Friday, March 30, 2012

Post Office Redux...

Sometimes I wish I had a sign that said, "Yes, I do have my hands full, thank you, could you please get the door?".

We went back to the post office today. I took the babies and The Boy, a bag of red lentils and the wool socks I knitted for my sister Laura, and some pictures The Boy had painted for our friend who is in the hospital. We needed to send everything out today. The lentils and socks go to Nome, Alaska. The pictures go to Tidewater, Virginia. I had both addresses with me. I had no boxes or envelopes for them, but I figured we would take care of that part when we got there.

It was that time of the morning when errands can go well. The babies had napped, were fed, changed and happy, and were cooing in their car seats. The Boy was cheerful, having had a rare treat of a juice box in the car with some graham crackers. He cooperatively hung onto the handle of the Belle's car seat (which made it much heavier on my right arm, but at least it was easy to keep track of him). I stashed the pictures, the lentils and the socks with accompanying note in my bag, threw it over my left shoulder and carried the Bug's car seat with my left arm.

We stumbled slowly up the ramp to the front door of the post office, the car seats alternately knocking into the railing or into my shins. When we got to the entrance, I tried setting down the Belle's seat to open the door with my right arm, but The Boy started to bounce away toward the steps. Grabbing his wrist with my left thumb and index finger and holding on tight, I picked up the car seat again in my right hand and backed into the door, opening it with my shoulder. The second door was harder, as it was opening toward us already with someone coming out, and she didn't hold it for me. I tried to catch it with my foot, but The Boy was already on his way through, still clinging to the car seat and kind of dragging the rest of us behind him.

We squeezed through the door without serious injury. I plopped everyone in front of the Priority Mail display to try to figure out what size boxes and envelopes we needed. I let out the breath I'd been holding since the door incident. We had made it inside.

That's when I realized that everyone was staring at us.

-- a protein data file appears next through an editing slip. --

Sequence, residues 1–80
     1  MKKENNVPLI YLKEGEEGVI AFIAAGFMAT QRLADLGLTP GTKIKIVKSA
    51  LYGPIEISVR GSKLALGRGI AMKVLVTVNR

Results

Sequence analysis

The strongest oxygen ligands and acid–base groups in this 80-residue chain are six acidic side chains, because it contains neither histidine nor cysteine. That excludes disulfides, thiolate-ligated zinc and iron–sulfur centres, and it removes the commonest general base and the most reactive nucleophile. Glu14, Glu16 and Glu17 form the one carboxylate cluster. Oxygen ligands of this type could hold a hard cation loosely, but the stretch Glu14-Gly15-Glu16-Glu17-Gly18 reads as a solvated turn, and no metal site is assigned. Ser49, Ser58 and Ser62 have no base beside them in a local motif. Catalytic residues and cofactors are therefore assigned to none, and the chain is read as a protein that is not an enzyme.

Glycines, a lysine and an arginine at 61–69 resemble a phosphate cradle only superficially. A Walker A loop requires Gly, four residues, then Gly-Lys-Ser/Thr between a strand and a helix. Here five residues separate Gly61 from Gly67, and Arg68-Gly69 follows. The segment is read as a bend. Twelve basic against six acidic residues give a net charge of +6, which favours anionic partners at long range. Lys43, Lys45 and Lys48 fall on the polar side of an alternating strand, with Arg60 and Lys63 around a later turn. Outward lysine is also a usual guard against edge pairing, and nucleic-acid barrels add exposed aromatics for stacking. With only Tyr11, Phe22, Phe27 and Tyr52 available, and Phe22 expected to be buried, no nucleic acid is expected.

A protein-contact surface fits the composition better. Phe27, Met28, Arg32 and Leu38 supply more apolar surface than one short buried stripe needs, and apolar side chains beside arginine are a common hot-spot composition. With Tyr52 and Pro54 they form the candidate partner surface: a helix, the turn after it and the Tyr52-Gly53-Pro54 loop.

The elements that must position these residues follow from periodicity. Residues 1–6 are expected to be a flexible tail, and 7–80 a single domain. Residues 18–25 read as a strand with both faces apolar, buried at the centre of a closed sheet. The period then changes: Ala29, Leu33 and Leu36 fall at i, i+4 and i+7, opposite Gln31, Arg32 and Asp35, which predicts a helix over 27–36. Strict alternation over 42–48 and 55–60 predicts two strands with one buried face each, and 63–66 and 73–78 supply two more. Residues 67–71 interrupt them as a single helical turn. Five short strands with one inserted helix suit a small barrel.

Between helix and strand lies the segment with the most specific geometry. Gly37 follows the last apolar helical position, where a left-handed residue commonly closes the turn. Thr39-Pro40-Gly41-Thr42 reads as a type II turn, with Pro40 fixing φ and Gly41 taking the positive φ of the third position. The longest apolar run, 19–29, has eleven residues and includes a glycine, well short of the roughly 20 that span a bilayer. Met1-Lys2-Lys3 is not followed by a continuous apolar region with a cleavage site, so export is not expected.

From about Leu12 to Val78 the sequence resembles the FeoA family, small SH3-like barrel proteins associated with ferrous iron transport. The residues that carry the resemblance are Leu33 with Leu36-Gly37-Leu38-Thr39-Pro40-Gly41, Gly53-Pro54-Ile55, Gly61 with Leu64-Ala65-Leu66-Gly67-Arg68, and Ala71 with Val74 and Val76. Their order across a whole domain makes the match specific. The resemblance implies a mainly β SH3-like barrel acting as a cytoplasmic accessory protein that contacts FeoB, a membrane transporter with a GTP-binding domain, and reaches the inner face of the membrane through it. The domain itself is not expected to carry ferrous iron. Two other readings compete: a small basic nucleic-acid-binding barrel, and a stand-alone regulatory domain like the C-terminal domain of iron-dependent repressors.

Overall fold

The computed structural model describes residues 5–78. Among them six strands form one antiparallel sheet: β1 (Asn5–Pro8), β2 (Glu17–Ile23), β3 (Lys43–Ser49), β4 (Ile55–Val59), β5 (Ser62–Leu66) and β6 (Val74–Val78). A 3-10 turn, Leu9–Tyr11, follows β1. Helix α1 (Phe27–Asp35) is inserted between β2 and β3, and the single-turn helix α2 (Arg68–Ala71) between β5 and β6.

The Postmaster knows us. She was smiling indulgently, asking if we needed help. She came around the counter to get my lentils and socks to weigh them and offer her advice on how to package them. Sending things to Nome isn't cheap, and she always tries to help me out. I think she'd do this even if I didn't have so many little children with me. That's just the kind of lady she is...a helpful, small town Postmistress.


And everyone else?

Here's what they said today. (You can't make this stuff up. We get most of the comments on this list every time we go somewhere. The full list is much longer, but that's another post for another day.)

"You sure got your hands full."
"Are those twins?"
"Are they identical?"
"My cousin had twins, but one died."
"They don't look like twins to me."
"I bet you're tired."
"Are they boys or girls?"
"Are they paternal?"
"Is that one a boy? Are you sure?"
"Wow, you have your hands full."
"My sister-in-law adopted twins. They cried all the time. Do yours cry all the time?"
"I think that one is the serious one."
"How old are they? They're really small for twins."
"They're cute."
"That's a handful."
"Oh, my goodness. You have more babies? I didn't know you were going to have any more babies."
"Two girls? And you already got your boy. Well, you're done."
"They're really big for twins."
"Hey, look. She has twins."

I smiled, bit my tongue, and tried to finish mailing our packages.

We left the post office 23 minutes after we got there. There was no line. It just takes that long to do almost anything, especially when people have so much to contribute. I'm often surprised by how much easier it has gotten to do this errand. The first time I did it by myself, it took the better part of the day. Today, I managed to do it much more efficiently!

I should get a sticker or something for improvement.

Unfortunately, no one helped us with the doors on the way out, either.

To be clear, I don't go anywhere expecting anyone to help me unless I bring someone along specifically for that purpose. I don't take all three littles anyplace by myself unless I think I can handle it. I don't have extra arms, but I'm learning to compensate, and I can do a lot with the two I have.

However, if you are going to make a big issue over how full my hands are, it seems like the least you could do would be to offer to get the door.